The start of commercial pilot training

The start of commercial pilot training


In the beginning, the responsibility for flight training fell solely to the Air Force and the pioneering aircraft manufacturer’s own test pilots. The ‘Golden Age of Aviation’ – between both World Wars – saw the growth of flying clubs and the first issues of Civilian ‘A’ licences.

The instructors at those clubs were virtually all military pilots created during the First World War. Famous Aviatrix Amy Johnson gained her licence in this way, enrolling at London Aeroplane club to allow her to fly, initially as a hobby, whilst she worked as a secretary to a solicitor. She was an inspiring pioneer in both the aviation industry, as well as the ‘self improver’ route that we now know of today as the ‘Modular’ route.

After the Second World War there was a lull in commercial air travel, but by the late 1950’s it started to quickly pick up again. It soon became apparent that there would be a shortage of ex-military pilots available to crew the British civil operations. State-owned airlines, along with the Ministry for Aviation, proposed a plan to create a flying school based on the RAF’s aircrew officer training college, Cranwell.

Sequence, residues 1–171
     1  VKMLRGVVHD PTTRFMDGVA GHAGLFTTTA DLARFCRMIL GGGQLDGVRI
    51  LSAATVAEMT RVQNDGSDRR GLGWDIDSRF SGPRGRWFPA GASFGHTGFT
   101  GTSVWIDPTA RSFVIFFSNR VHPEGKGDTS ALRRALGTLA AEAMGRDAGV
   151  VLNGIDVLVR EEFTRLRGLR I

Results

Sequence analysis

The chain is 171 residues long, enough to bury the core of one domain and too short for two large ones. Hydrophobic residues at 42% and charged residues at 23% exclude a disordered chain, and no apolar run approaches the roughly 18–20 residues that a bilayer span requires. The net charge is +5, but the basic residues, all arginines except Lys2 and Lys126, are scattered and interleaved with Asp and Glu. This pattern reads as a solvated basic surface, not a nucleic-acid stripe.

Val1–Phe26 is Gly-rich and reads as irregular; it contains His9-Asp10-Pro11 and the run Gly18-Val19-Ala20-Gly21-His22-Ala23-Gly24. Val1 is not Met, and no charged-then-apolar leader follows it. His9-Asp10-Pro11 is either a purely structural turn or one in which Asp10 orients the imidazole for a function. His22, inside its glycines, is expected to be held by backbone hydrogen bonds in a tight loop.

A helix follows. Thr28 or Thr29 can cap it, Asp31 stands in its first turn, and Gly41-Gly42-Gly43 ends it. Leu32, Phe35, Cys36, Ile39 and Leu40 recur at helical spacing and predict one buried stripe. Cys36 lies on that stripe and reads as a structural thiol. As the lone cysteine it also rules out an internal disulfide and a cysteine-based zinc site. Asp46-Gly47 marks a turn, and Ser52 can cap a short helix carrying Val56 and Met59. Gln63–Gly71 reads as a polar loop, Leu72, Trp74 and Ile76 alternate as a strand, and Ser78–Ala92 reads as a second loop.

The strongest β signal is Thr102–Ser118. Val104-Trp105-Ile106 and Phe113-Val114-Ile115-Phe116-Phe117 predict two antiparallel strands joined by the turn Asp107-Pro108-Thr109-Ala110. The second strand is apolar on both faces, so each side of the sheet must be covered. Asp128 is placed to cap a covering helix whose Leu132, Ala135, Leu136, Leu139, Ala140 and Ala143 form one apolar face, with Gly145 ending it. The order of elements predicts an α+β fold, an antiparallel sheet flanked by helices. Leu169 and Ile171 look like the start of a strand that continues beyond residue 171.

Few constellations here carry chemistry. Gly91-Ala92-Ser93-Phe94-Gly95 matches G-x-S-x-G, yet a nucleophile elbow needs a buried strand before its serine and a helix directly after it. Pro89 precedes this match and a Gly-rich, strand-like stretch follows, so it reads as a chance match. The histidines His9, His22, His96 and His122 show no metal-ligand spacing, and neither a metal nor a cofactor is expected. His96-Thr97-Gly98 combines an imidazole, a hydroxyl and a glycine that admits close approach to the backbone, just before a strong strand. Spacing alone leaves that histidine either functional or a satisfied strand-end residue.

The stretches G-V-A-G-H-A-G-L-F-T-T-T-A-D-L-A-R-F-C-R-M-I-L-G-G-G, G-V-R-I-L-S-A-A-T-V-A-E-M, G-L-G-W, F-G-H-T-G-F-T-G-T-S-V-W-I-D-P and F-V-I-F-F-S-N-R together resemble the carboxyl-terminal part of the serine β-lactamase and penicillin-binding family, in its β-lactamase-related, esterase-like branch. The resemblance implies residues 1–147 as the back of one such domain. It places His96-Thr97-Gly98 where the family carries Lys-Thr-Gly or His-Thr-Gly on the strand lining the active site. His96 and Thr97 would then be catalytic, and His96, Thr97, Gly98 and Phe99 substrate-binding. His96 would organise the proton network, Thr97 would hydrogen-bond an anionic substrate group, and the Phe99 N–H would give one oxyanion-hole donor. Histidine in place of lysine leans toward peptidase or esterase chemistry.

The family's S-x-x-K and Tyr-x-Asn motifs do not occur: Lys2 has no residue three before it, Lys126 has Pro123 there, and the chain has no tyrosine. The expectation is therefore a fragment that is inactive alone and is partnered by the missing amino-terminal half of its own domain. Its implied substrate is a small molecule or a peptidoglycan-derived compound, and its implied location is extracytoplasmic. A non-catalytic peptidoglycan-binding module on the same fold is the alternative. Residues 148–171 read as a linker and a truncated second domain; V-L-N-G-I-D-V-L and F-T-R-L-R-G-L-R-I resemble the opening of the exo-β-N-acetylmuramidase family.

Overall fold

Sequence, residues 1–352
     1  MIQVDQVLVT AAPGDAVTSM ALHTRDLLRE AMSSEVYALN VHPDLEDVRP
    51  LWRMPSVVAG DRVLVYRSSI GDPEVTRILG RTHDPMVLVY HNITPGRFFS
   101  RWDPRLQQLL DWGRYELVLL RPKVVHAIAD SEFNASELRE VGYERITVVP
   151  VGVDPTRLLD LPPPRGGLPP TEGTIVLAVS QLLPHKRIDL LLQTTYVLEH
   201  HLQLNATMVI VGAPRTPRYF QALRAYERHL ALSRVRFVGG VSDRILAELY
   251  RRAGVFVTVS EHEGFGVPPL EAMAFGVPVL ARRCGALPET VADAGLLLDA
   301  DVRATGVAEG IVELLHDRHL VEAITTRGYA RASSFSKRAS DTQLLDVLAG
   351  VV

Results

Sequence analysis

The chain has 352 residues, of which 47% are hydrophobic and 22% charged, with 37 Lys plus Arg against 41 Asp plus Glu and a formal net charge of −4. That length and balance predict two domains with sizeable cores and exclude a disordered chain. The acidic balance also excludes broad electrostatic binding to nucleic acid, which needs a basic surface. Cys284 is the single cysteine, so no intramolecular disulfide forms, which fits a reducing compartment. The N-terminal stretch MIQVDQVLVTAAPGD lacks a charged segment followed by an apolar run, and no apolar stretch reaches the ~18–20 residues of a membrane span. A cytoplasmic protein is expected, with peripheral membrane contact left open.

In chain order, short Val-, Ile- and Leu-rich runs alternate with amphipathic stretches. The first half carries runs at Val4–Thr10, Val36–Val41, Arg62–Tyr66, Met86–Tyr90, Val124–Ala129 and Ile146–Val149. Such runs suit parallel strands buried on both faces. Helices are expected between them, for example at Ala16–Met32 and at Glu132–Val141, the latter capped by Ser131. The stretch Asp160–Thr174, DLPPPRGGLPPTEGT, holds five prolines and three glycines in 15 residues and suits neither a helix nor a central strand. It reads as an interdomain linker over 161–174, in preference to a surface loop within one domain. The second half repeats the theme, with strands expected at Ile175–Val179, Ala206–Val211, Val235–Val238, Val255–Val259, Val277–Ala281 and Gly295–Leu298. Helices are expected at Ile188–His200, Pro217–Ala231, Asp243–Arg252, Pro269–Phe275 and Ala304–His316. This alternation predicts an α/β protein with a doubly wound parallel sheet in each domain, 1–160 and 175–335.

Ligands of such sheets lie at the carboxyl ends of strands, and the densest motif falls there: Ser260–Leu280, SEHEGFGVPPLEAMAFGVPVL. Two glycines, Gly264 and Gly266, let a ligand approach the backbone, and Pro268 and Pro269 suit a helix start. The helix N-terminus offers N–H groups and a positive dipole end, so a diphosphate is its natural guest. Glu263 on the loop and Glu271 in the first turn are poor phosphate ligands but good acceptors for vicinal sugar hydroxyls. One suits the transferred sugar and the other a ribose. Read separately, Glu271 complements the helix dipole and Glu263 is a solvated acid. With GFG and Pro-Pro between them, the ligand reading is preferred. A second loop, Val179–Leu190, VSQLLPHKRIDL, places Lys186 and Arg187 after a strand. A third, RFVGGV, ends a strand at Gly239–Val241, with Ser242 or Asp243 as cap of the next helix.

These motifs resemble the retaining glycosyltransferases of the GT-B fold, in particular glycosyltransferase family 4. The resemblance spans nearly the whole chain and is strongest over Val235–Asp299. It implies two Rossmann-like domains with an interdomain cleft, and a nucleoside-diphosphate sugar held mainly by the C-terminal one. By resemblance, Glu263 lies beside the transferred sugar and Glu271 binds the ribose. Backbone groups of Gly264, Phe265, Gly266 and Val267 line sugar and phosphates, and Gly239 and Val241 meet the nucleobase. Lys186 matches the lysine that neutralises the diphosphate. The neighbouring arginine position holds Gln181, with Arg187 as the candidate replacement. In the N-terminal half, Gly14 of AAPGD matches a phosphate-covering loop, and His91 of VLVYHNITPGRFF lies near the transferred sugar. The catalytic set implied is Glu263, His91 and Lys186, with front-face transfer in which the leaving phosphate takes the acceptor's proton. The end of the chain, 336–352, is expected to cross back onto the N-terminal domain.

In 1960, the plan was approved and the site chosen was Hamble. The course was ‘ab initio’ (for new pilots) and open to school leavers with 5 GCSE’s and 2 A levels. It would last 18 months beginning to end, and was essentially the start of the integrated model. Very soon, pressures on Hamble and the growing demand from BEA (who would sponsor 1500 cadets between 1967-72) meant that similar courses were set up in Oxford and Perth.


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